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About bobfa

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    Groovin' in Audiophile Style!

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    Illinois, USA

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  1. The computer could be a Roon core, mine is not yet setup to do that. I feel that it needs persistant storage so a 32GB Optane “SSD” for storage and then reconfigure Audio Liniux. I have the Optane SSD but I have not done the work to setup Audio Linux or installed it yet. This is on the “bucket” list. I am also looking at trying the endpoint with an internal wireless network. This “might” reduce the need for an audiophile network switch.
  2. bobfa

    New HDPLEX 200W LPS

    Rajiv, My Sonic Transporter i7DSP came with a Dell-branded 90W "Laptop Brick". Here are a couple of pictures. This is my first real test into improving the server and network side of things. **** I am sorely tempted to move the server and power supply into the LR and put a "good" ethernet cable between them or put a wireless card in my NUC. So many options. (but that is not part of this thread!!)
  3. I found that if you start the "purchase" process on the Intel NUC site it shows you places to buy the product. By doing that with Simply NUC you can avoid their up-sell items. I have purchased from SimplyNUC also. The Akasa cases seem to be in low stock. I wonder if we are increasing the demand?? Thanks for sharing what you built and your experience.
  4. bobfa

    New HDPLEX 200W LPS

    I ran the power supply for 24hours on the bench just loaded down with a small NAS and a NUC. I then put the supply on my Sonic Transporter Server. After another day I started listening on the small system in my office and found some interesting changes. This afternoon I was able to "borrow" some time to sit down and listen on the Living Room system. WELLLLLLLL,..... The power supply is worth it to me. It increases the server cost from $2000 to $2500. The whole experience is better. A couple of the BT tracks I use for reference show more detail and are more "open/relaxed". The sound track to The Lord of the Rings; The Return of The King feels more "alive". The choir vocals stand out better. The Billy Boyd vocal sounds more like you are in the hall listening to him sing. The music is more moving. Annie Lennox feels more present singing "Into the West" . It was hard to go back to work. I really like this kind of homework.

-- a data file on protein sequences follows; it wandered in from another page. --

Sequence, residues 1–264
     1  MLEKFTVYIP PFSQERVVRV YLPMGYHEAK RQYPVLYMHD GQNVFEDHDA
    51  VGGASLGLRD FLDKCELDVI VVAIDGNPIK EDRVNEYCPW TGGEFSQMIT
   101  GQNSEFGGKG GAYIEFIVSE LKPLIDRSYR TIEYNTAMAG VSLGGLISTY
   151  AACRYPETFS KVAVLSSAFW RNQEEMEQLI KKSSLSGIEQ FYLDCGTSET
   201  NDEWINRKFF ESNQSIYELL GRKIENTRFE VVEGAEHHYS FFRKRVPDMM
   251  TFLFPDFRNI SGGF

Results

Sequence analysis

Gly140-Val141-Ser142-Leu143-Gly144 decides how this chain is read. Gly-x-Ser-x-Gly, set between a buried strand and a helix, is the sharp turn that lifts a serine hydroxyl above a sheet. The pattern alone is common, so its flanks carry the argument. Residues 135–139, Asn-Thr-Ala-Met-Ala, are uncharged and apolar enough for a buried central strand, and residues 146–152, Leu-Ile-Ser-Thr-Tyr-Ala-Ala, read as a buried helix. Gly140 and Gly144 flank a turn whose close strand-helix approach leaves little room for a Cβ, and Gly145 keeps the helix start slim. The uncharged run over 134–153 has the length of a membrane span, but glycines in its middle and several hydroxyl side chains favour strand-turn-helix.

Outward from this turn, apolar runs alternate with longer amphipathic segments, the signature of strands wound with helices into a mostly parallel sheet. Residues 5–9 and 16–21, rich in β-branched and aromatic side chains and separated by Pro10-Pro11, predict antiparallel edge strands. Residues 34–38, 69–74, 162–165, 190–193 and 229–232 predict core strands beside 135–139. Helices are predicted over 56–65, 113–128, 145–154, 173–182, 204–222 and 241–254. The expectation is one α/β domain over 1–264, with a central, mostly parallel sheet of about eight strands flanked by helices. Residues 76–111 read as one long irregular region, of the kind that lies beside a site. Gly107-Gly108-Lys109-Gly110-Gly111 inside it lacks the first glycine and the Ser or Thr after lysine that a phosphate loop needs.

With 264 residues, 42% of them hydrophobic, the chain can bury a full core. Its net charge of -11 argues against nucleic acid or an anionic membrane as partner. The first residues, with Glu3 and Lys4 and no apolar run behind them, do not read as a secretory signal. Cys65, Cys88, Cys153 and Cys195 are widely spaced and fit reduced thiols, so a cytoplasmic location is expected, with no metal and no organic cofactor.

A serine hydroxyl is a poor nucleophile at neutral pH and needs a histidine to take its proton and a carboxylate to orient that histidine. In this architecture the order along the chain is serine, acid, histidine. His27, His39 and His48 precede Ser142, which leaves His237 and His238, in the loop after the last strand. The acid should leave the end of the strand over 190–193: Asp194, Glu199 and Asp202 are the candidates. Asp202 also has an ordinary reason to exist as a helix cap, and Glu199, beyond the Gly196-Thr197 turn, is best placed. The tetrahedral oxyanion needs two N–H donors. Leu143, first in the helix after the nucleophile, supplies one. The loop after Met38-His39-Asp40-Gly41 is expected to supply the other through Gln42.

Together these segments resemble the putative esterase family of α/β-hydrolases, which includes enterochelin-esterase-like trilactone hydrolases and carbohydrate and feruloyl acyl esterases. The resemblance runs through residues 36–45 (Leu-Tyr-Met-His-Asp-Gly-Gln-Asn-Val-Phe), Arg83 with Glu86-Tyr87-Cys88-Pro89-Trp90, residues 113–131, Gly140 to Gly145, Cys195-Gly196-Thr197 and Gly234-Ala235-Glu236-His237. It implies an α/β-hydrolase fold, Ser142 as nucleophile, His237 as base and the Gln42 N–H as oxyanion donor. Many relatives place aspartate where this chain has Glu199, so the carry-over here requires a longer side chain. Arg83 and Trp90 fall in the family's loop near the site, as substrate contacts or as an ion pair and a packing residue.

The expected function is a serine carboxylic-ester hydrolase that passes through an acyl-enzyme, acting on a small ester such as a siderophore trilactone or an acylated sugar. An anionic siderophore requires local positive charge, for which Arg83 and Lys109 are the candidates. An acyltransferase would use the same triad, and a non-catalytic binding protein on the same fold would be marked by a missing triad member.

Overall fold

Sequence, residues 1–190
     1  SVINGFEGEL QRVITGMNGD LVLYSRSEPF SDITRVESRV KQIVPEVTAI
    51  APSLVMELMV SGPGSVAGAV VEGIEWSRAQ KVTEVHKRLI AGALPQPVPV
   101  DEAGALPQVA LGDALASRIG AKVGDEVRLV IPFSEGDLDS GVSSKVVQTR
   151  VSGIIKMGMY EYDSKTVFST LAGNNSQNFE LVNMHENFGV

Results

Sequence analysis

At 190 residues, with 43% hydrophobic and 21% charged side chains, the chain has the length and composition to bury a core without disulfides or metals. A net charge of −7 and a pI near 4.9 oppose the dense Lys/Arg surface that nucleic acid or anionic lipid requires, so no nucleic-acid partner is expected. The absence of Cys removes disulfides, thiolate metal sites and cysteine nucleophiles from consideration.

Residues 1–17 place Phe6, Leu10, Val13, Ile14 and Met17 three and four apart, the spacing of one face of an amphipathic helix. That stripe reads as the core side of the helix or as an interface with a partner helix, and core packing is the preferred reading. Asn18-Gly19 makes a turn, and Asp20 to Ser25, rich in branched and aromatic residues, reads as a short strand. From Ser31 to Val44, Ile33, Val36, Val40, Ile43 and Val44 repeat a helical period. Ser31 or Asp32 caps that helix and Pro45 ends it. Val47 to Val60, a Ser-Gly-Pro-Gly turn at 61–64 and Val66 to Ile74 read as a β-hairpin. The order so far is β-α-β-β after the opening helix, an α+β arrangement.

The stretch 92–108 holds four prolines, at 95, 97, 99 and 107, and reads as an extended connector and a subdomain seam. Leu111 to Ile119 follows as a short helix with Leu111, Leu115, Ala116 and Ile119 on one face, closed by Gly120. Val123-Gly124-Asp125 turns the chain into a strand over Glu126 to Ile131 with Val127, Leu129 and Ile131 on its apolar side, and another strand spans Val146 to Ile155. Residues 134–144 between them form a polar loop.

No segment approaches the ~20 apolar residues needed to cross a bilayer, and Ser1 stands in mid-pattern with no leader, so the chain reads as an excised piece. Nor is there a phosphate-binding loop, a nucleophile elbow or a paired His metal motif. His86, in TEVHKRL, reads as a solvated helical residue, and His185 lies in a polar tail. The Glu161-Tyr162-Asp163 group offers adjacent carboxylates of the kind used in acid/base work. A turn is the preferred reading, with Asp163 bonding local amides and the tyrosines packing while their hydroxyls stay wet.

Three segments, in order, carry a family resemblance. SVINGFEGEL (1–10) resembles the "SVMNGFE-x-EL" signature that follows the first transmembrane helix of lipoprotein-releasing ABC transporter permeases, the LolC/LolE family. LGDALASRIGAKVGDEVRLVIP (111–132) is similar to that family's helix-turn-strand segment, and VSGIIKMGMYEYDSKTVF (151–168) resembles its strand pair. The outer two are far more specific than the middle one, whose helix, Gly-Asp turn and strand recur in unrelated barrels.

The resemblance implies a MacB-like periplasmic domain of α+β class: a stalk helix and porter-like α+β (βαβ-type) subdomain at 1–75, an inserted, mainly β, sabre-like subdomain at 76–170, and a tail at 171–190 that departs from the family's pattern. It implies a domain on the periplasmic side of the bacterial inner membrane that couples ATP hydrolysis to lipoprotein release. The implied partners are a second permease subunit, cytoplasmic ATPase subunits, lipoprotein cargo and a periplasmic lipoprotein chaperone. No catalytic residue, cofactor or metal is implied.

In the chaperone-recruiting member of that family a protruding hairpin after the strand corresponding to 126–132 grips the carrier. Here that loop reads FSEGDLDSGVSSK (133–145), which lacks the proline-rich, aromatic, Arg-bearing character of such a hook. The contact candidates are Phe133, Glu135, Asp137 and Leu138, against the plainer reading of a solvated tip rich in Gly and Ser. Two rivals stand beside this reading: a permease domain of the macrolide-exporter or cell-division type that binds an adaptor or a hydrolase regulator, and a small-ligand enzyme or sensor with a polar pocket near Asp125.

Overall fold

5. Dan, Thanks for the report I am glad your system is sounding better and that it is a lot simpler. Quick question are you using a wired Ethernet connection between the two NUC boxes? In the first part of the post you mentioned Ethernet but I was wondering if you had gone to wireless when you installed the server? Bob
  6. That is great then others can more simply play with that config.
  7. Gsquared, Are going to boot off of the Octane stick and run from RAM? It would be cool if you could document the steps for that so others can duplicate the process. Bob
  8. bobfa

    New HDPLEX 200W LPS

    Quick suggestion. Edit the lead post in the thread and put this info into it.
  9. Bruny, I d do not know how that NUC will sound. There are a lot of variables! Before you do anything I do not know if the older devices will boot from UFEI as the new Audio Linux is setup to do. The procedure is pretty simple you could purchase an Audio Linux License, and a 32GB USB stick to test with. Then follow the sections for building the USB boot, setting up the BIOS and setting up Audio Linux. Bob
  10. Dutch I will put a note under the picture with your quote thanks. This helps with the goal of having a good summary in the mater posts. It is trying to fake a wiki!
  11. All, I will check but I can still edit the main post so we should be good. I had the idea of keeping the first post up to date with the configuration of my endpoint. I will be adding the other configuration changes for timezone, etc. to the post so it is "finished". There are two other threads around the server side configurations and the Audio Linux config testing thread. I will add them in above. I will still report sound quality findings on the "Massive" thread. Going forward here I am investigating a couple of endpoint themes and if they work out I will adjust the config as needed. IF anyone has updates that will help others to understand building your own endpoint, has suggestions for fixes, etc. Please feel free. I abbreviated a few things that could use some more words. Thanks for all the kind words and support! Off to work on my HDPLEX power supply powering the server homework @austinpop assigned the other day!